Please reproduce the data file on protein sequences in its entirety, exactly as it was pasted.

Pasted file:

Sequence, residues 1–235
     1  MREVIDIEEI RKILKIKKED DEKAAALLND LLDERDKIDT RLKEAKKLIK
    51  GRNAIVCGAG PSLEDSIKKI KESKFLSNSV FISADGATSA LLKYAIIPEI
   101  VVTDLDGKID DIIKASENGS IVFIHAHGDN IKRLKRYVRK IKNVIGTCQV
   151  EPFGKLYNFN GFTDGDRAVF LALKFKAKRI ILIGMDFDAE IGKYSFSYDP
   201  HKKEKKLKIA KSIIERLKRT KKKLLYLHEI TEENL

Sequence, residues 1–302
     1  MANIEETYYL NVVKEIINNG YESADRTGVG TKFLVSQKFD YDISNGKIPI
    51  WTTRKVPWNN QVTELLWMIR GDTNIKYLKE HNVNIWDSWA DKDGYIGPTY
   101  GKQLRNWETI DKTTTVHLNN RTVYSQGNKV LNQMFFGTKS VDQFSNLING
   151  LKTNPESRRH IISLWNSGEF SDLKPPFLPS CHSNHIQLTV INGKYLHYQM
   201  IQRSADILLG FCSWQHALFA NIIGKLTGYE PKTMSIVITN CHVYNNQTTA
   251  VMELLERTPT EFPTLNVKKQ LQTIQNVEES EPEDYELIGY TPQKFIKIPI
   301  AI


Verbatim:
Sequence, residues 1–235
     1  MREVIDIEEI RKILKIKKED DEKAAALLND LLDERDKIDT RLKEAKKLIK
    51  GRNAIVCGAG PSLEDSIKKI KESKFLSNSV FISADGATSA LLKYAIIPEI
   101  VVTDLDGKID DIIKASENGS IVFIHAHGDN IKRLKRYVRK IKNVIGTCQV
   151  EPFGKLYNFN GFTDGDRAVF LALKFKAKRI ILIGMDFDAE IGKYSFSYDP
   201  HKKEKKLKIA KSIIERLKRT KKKLLYLHEI TEENL

Sequence, residues 1–302
     1  MANIEETYYL NVVKEIINNG YESADRTGVG TKFLVSQKFD YDISNGKIPI
    51  WTTRKVPWNN QVTELLWMIR GDTNIKYLKE HNVNIWDSWA DKDGYIGPTY
   101  GKQLRNWETI DKTTTVHLNN RTVYSQGNKV LNQMFFGTKS VDQFSNLING
   151  LKTNPESRRH IISLWNSGEF SDLKPPFLPS CHSNHIQLTV INGKYLHYQM
   201  IQRSADILLG FCSWQHALFA NIIGKLTGYE PKTMSIVITN CHVYNNQTTA
   251  VMELLERTPT EFPTLNVKKQ LQTIQNVEES EPEDYELIGY TPQKFIKIPI
   301  AI